IPCC report: Why it makes sense to read climate news – Knowledge

The new climate report delivers an almost familiar message: The climate crisis is actually no longer a crisis, but a permanent condition. It will affect almost everyone on earth during their lifetime. Living conditions could deteriorate dramatically. In order to limit this, action must be taken more quickly than has been the case up to now.

Many people click on at this point or turn the page of the newspaper if they still have bad news about the climate read. According to the ongoing Pace study by the University of Erfurt, for which the attitudes and behavior of Germans in the climate crisis are regularly surveyed, around a third of those surveyed rarely or never find out about climate change, and the current trend is slightly increasing. The number of people who clearly agree with the sentence “I’m tired of hearing about climate change” is also increasing: from 28 percent two years ago to 32 percent most recently.

The reasons for this are diverse. In addition to demographic and economic factors, it is primarily psychological processes that play a role, i.e. feelings such as fear or worry. The reactions to this range from skepticism and resistance to despair to trivialization and suppression (i.e.: turning the pages). “What feelings and coping strategies of the climate change triggers in the individual is highly individual and also depends on how acutely affected,” explains Lea Dohm, who is a psychologist specializing in climate feelings. 2021 attracted a lot of attention an international study, in which 60 percent of 16 to 25-year-olds stated that they were extremely afraid of climate change. Fear was greatest in Portugal, a country that had repeatedly experienced devastating forest fires in previous years.

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The best way to combat climate anxiety is to deal with it

It is important for experts like Lea Dohm to point out the connection between individual climate feelings and the societal dimension of climate change. The assumption that the individual can do nothing in relation to climate change anyway and can therefore confidently turn away is problematic in two respects: On the one hand, this assumption underestimates that individual perspectives in the aggregate form the so-called will of the voters, on which politics oriented. “Even if the political course is crucial to stopping global warming: This policy is made by people. Not least by voting,” agrees Mirjam Jenny, who researches climate-friendly behavior at the Institute for Planetary Health Behavior at the University of Erfurt.

On the other hand, there is now a consensus in climate psychology that people can best get a grip on negative climate feelings if they manage to deal with them and thereby experience self-efficacy. “There are definitely psychological benefits of actively engaging with and being better prepared for the cognitive dissonance that encountering climate change almost inevitably triggers,” says Dohm. Cognitive dissonance is the uncomfortable and, in the long run, unhealthy emotional state that arises when action, knowledge and values ​​diverge.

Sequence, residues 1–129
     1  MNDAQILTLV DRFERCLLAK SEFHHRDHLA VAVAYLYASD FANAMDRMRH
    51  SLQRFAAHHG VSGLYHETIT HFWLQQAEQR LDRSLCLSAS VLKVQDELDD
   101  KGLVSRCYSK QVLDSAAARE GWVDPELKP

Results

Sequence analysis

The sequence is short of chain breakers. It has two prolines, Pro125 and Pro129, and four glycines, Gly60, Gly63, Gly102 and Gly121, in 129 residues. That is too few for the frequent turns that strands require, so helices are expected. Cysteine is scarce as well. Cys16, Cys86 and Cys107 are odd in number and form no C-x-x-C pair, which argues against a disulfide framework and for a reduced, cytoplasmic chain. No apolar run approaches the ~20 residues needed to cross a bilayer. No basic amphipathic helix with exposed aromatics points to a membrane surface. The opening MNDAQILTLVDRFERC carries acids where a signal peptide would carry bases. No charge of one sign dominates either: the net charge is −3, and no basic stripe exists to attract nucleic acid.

Psychology understands self-efficacy to mean a person’s confidence in being able to act even in extreme situations. Because of the dimensions of the climate crisis, Lea Dohm explains, for many people it is no longer enough to do without plastic bags or to cycle more. She also sees politics as having a responsibility to provide better framework conditions for more climate-friendly behavior and transparency, also in terms of the mental health of its citizens communication, civic participation or other forms of political participation. According to the current Pace study, 74 percent of those surveyed would like climate-friendly behavior to become easier.

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Measures for climate protection are more popular than expected

A recently published analysis also concludesthat climate protection measures are more strongly advocated than citizens, including decision-makers, think. Approval is developing particularly positively in places where measures such as wind or solar parks are already being implemented, as well as where there are formats for public dialogue and participatory projects such as energy cooperatives and where neighboring places can learn something from each other.

Beyond the societal dimension, the psychologist Lea Dohm also advises each individual to deal with their climate resilience, i.e. with the ability to remain mentally resilient. It helps to network with others and to think about how to get involved, for example at your own workplace climate protection can work.

So far, the positive psychological effect of climate commitment has received little attention in society. This is also shown by the fact that the aspect hardly ever comes up when talking about climate activists – and if it does, then it’s more out of pity for the young people and their worried view of the future. When asked how she coped with constantly dealing with gloomy climate forecasts, she answered Climate activist Clara Rochel in a program by Markus Lanz however, most recently with the sentence: “I’m not hopeless. Otherwise I would crawl into my private life.”

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